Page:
National has promised to make building materials cheaper, launching its construction policy just a day after two major reports highlighted huge challenges in the sector.
The party’s building and construction spokesman Andrew Bayly today said excessive regulation, worker shortages and disrupted supply chains were causing big productivity challenges.
National has pledged to support access to skilled construction workers by keeping apprenticeships and having “appropriate” immigration settings.
Bayly and housing spokesman Chris Bishop also said the party supported transferring the processing of Category 3 building consents to dedicated consenting teams.
That category referred to buildings 10 metres or greater in height, except single household dwellings.
National also said its plan would streamline building consents to make construction more efficient.
It said this streamlined approach would strengthen competition for building materials and ensure the sector could access the workers it needed.
The National MPs said the Building Code should be reviewed with a goal to introduce what it called streamlined risk-based consenting.
Bayly and Bishop said that type of consenting took into account the size and complexity of a development and the builder’s credentials.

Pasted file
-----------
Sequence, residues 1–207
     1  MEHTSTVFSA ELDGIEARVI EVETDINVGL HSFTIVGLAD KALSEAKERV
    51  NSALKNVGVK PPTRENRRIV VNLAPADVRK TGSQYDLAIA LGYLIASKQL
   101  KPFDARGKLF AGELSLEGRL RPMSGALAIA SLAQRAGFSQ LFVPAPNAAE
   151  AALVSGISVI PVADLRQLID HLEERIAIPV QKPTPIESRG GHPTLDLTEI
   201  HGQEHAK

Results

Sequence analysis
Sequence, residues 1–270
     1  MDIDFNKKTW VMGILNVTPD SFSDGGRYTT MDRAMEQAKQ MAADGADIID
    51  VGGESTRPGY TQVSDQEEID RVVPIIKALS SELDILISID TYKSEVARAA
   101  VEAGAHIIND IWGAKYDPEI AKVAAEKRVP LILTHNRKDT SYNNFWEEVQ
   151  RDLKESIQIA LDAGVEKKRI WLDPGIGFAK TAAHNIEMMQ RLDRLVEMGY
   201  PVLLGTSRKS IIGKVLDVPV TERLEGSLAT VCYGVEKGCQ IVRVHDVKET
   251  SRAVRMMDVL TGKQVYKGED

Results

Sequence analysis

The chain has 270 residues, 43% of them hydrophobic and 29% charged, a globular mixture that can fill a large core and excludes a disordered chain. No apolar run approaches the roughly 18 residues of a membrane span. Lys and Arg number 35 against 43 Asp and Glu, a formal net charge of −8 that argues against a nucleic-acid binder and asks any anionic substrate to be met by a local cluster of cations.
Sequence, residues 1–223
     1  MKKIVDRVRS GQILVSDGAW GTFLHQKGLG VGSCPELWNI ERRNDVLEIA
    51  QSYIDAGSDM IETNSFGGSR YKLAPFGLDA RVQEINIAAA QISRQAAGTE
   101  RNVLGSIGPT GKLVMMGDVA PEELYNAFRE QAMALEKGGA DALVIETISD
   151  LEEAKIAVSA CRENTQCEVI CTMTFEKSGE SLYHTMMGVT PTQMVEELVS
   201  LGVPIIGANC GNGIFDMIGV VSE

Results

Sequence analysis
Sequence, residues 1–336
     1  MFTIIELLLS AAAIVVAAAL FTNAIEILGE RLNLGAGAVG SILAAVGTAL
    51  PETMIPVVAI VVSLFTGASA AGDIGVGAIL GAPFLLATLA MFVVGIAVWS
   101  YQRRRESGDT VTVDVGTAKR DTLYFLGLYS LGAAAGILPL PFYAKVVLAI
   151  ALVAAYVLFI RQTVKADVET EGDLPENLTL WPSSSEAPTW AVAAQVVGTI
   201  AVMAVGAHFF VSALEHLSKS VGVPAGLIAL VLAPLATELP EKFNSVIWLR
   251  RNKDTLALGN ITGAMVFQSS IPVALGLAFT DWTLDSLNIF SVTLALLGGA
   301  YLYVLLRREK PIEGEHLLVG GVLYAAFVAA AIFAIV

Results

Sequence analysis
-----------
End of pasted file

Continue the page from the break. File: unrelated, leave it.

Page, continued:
“National’s plan for better building and construction harnesses digital technology to put building consents on a fast track,” the pair added today.
“National will require building consent authorities to accept video and photos for remote inspections to create a digital record of work.”
“Remote inspections are standard practice overseas and will drive substantial productivity gains.”
The MPs also said scaffolding rules should be reviewed to ensure those rules were fit for purpose.
Bayly and Bishop said the industry faced falling house prices, a slump in building activity and more construction businesses failing.
The party’s policy announcement was barely 24 hours after two sobering pieces of news relating to output and attitudes in the sector.
New home consents slipped 25 per cent in a year, and Master Builders said rising costs and high interest rates were creating nightmares for the sector.
Statistics NZ data showed 3,058 new homes were consented in July, down a quarter on July last year.
And in the Registered Master Builders’ annual State of the Sector survey, rising costs were cited as the biggest problem for builders.
Central government regulation was a problem for 65 per cent of respondents.
Council consenting was seen as a major problem by 50 per cent of respondents.
In the survey, Master Builders addressed political issues.
“Procurement is an area where Government can lead. They are already the sector’s largest client, but we want them to also be a smart client.”
The survey also said skilled labour shortages had been a drag for years - in its words, “a hot-button issue” raised in State of the Sector findings since 2016.